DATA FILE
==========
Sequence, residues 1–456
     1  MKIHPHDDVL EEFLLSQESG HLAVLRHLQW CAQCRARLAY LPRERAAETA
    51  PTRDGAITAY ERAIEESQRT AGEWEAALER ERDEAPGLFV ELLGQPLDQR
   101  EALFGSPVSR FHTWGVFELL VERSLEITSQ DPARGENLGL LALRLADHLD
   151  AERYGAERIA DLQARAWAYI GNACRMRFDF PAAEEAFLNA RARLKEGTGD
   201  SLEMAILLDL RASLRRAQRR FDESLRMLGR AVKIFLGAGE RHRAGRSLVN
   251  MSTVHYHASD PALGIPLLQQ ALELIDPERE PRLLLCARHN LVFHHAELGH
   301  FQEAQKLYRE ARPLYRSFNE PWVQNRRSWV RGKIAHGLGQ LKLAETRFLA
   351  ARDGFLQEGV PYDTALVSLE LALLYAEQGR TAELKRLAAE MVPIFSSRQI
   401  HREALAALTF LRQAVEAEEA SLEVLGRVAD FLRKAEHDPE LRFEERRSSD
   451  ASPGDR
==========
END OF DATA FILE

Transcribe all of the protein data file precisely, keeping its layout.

Sequence, residues 1–456
     1  MKIHPHDDVL EEFLLSQESG HLAVLRHLQW CAQCRARLAY LPRERAAETA
    51  PTRDGAITAY ERAIEESQRT AGEWEAALER ERDEAPGLFV ELLGQPLDQR
   101  EALFGSPVSR FHTWGVFELL VERSLEITSQ DPARGENLGL LALRLADHLD
   151  AERYGAERIA DLQARAWAYI GNACRMRFDF PAAEEAFLNA RARLKEGTGD
   201  SLEMAILLDL RASLRRAQRR FDESLRMLGR AVKIFLGAGE RHRAGRSLVN
   251  MSTVHYHASD PALGIPLLQQ ALELIDPERE PRLLLCARHN LVFHHAELGH
   301  FQEAQKLYRE ARPLYRSFNE PWVQNRRSWV RGKIAHGLGQ LKLAETRFLA
   351  ARDGFLQEGV PYDTALVSLE LALLYAEQGR TAELKRLAAE MVPIFSSRQI
   401  HREALAALTF LRQAVEAEEA SLEVLGRVAD FLRKAEHDPE LRFEERRSSD
   451  ASPGDR